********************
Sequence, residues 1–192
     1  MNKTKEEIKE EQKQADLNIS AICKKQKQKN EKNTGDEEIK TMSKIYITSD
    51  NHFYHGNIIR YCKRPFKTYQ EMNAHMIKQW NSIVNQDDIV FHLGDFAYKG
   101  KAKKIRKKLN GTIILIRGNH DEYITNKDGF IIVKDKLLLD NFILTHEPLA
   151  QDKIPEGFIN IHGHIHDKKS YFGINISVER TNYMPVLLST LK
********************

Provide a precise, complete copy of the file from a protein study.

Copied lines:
Sequence, residues 1–192
     1  MNKTKEEIKE EQKQADLNIS AICKKQKQKN EKNTGDEEIK TMSKIYITSD
    51  NHFYHGNIIR YCKRPFKTYQ EMNAHMIKQW NSIVNQDDIV FHLGDFAYKG
   101  KAKKIRKKLN GTIILIRGNH DEYITNKDGF IIVKDKLLLD NFILTHEPLA
   151  QDKIPEGFIN IHGHIHDKKS YFGINISVER TNYMPVLLST LK